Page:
Ethics haven't played much of a role in foreign affairs over the last century. Since the end of World War II, the United States modeled its positions in the Middle East around Cold War strategic interests and economic objectives. In a struggle to assert itself as the single greatest power in the world, the United States dealt with major leaders in the region in a way that attempted to expand American influence. Decades later, we can look back on a series of instances in which American intervention has caused devastating or counterproductive, long-term repercussions in the region.
These seven seemingly obscure photos are key evidence of how foreign intervention has inevitable long-term ramifications, for the good or the bad.
In 1945 Franklin D. Roosevelt met with King Abdul Aziz of Saudi Arabia on board of the U.S.S. Quincy in the Great Bitter Lake of the Suez Canal. The relationship began with a direct discussion of the Palestinian issue and a hollow promise of non-assistance to the Jews in Palestine by Roosevelt.
Saudi-U.S. relations have been the 70-year-old backbone of U.S. foreign policy in the region, leading to military successes such as the First Gulf War and economic catastrophes like Saudi Arabia’s developed ability to control oil supply at the expense of the West in order to assist Arab neighbors against Israel.
This may be the most curious picture out of the whole series, since it does not figure any American. It was taken in 1964 and features Nasser, president of Egypt, and Khrushchev, the Soviet leader, inaugurating one of the first parts of the Aswan High Dam. However, it is in fact the very lack of an American presence that is important. The Aswan Dam was the embodiment of Nasser’s vision for the industrialization of Egypt. However, part of the funding relied on foreign investment, which was constantly used by the United States as a form of leverage. As tensions grew in 1956 and the United States withdrew its funding, leading to the nationalization of the Suez Canal by Nasser and the 1956 Suez conflict, U.S.-Egyptian relations collapsed, marking the beginning of closer Egyptian ties with the Soviets and a long series of conflicts in the region.
When Mohammed Reza Shah Palavi inherited the Iranian throne in 1941, U.S.-Iran relations began going through a long period of solidity. While this picture shows charismatic President Kennedy at a reception with the king, the photo symbolizes a relationship that had dramatic repercussions in Iran. 1953 marked the year in which Eisenhower orchestrated, along with the CIA and British intelligence, the overthrow of Mossadegh’s government in Iran. The illegitimate intervention, moved by concerns over the oil market, proved fatal for Iran, sparking anti-American sentiment that has continued to echo to this day.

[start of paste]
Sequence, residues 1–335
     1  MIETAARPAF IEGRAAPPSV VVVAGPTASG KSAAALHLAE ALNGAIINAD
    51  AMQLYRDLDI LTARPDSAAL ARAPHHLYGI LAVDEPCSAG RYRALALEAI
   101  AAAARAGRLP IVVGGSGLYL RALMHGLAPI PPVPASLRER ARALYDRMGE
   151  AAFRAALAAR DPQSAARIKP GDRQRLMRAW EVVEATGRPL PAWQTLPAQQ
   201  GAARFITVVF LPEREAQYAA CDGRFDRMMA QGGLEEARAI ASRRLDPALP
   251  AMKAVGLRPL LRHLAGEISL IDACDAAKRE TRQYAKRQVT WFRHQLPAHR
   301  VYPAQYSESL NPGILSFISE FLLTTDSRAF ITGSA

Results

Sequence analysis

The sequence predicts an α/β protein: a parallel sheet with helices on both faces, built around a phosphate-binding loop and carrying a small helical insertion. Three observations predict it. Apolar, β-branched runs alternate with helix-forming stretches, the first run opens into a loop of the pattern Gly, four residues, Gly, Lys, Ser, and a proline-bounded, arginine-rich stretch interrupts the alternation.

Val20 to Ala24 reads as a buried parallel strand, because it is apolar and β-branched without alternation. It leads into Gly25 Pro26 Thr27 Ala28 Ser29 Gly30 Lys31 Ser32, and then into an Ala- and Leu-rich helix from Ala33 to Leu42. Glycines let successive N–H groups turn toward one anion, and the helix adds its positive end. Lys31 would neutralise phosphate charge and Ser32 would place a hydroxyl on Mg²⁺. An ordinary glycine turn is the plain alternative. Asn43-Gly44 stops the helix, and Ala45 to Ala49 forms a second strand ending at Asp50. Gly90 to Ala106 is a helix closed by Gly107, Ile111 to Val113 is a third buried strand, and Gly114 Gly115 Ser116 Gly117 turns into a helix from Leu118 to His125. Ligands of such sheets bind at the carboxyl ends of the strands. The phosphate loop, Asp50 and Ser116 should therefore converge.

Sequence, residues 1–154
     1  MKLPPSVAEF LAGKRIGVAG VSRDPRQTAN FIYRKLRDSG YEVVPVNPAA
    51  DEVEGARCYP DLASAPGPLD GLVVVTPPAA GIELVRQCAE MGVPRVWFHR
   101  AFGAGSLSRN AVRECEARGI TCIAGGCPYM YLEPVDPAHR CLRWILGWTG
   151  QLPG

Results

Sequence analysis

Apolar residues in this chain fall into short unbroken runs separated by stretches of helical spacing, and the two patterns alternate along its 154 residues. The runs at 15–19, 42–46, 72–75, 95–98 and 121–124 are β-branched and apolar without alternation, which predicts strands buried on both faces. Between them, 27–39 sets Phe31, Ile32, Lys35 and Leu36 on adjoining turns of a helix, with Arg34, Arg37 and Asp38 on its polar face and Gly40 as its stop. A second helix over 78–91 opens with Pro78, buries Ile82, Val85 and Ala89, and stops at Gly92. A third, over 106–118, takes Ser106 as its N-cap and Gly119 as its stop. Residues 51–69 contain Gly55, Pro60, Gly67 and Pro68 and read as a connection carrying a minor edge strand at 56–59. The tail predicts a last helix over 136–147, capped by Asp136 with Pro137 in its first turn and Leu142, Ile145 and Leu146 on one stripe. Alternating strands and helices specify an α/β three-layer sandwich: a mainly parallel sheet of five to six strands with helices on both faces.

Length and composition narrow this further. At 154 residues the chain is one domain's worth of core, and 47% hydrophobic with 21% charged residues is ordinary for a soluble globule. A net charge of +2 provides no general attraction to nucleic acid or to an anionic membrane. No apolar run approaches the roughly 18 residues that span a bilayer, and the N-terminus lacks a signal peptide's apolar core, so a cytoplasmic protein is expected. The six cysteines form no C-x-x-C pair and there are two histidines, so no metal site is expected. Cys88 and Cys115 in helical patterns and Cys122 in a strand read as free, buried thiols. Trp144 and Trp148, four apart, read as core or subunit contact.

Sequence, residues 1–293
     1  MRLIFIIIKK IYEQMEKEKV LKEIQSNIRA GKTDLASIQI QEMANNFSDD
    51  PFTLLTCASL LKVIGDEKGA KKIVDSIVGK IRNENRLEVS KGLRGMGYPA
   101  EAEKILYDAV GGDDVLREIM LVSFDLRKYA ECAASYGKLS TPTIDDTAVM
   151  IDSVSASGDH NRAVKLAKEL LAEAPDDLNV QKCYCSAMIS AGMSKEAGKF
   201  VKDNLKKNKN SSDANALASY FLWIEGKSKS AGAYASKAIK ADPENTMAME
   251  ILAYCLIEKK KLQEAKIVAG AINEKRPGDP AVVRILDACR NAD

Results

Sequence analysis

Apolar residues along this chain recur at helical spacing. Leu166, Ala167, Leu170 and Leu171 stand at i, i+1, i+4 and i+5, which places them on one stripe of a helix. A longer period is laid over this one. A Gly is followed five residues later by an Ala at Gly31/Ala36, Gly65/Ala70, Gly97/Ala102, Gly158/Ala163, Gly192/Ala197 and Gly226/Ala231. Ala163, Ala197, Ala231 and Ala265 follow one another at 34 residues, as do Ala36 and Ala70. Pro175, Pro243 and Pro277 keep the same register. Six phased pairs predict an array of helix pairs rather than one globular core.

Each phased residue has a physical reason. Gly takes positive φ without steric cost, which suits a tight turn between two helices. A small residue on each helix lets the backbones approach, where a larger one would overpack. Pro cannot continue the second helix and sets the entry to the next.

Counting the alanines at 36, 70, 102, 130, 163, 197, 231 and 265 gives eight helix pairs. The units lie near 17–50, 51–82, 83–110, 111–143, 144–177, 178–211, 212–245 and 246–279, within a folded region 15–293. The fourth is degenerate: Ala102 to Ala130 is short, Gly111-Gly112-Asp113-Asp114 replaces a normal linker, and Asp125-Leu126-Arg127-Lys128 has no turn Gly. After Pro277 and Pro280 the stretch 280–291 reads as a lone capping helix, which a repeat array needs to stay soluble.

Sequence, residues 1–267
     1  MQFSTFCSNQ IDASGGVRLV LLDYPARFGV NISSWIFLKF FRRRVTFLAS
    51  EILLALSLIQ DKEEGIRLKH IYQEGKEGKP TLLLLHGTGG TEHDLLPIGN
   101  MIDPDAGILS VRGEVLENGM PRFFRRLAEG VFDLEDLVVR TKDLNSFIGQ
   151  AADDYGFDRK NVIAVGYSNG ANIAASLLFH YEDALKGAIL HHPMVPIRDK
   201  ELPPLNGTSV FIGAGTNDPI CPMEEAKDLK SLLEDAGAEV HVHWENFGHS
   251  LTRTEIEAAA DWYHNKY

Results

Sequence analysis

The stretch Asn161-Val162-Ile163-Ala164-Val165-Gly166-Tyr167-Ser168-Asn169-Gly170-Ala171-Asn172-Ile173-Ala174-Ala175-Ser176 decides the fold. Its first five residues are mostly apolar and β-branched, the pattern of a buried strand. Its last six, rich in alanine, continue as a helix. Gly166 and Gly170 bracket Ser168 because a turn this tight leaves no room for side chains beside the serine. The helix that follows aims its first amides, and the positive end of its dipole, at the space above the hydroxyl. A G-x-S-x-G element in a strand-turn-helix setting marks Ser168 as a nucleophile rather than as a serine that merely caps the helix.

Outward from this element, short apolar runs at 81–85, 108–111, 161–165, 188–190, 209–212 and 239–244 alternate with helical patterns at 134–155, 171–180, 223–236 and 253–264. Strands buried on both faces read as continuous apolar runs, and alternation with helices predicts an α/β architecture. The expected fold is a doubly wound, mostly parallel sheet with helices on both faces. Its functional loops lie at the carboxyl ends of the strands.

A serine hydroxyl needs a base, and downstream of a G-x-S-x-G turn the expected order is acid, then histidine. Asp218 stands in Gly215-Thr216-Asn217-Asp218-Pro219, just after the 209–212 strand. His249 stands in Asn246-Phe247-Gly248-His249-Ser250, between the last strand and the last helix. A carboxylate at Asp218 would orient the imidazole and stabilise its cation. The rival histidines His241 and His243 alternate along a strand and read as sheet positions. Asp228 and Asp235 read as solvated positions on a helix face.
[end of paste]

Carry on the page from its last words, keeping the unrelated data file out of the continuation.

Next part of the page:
This picture shows a congressman next to some of Afghanistan’s mujahideen. Some of them will become part of the Taliban government years later. Others will even join Osama Bin Laden’s band of followers. Some of these will try to build a country out of a divided territory. The congressman is Charlie Wilson, the main proponent of CIA funding of the Afghan opposition to the Soviets in the 1980s war. While such a convenient alliance may have made sense in what had become one of the longest proxy conflicts of the Cold War, America’s arms went directly to the same people the United States later found itself fighting against.
Wait, what? An American representative is shaking Saddam Hussein’s hand? Is that Donald Rumsfeld? Yes. Welcome to diplomacy. Similar to many other situations, in the 1980s the U.S. supported a repressive regime as a means to a bigger end. As the Iran-Iraq War went on, the United States decided to pick a side. Reagan wrongly believed that Hussein could destabilize the Iranian regime and allow for the toppling of the Islamic Revolution. Yet, this did little more than prolong a war that caused hundreds of thousands of deaths on both sides and kindle further anti-American sentiment in Iran.
Here instead is a more typical photo — a U.S. president hosting an Israeli prime minister in the Oval Office. Reagan met with Yitzhak Shamir in 1987. While Shamir often took harder lines on issues than his predecessor, Menachem Begin, Reagan and Shamir allegedly enjoyed a direct and honest relationship. Here's the problem though: Reagan utterly underestimated the importance of expanding Israeli settlements in Palestinian territories. While the Reagan administration supported Israeli endeavors, the presence and expansion of Israeli areas in the West Bank remains one of the key obstacles to the peace process.
Finally, here is an example of not so much meddling but failing to understand key Middle Eastern interests by an American administration. While Bill Clinton had the best intentions and was quite optimistic entering 2000's Camp David meetings, his staff had probably misunderstood the problems that had been left untouched since the previous accords in Oslo.
Oslo had in fact left unsettled fundamental issues such as the Palestinian refugees' right to return to Israel, the expansion of the Israeli settlements, and the question of East Jerusalem, claimed by Palestine as well as Israel. Because of a lack of coherent strategy in framing both sides' demands at the meetings, Camp David's sessions fell apart rapidly, leaving little hope for a satisfying solution.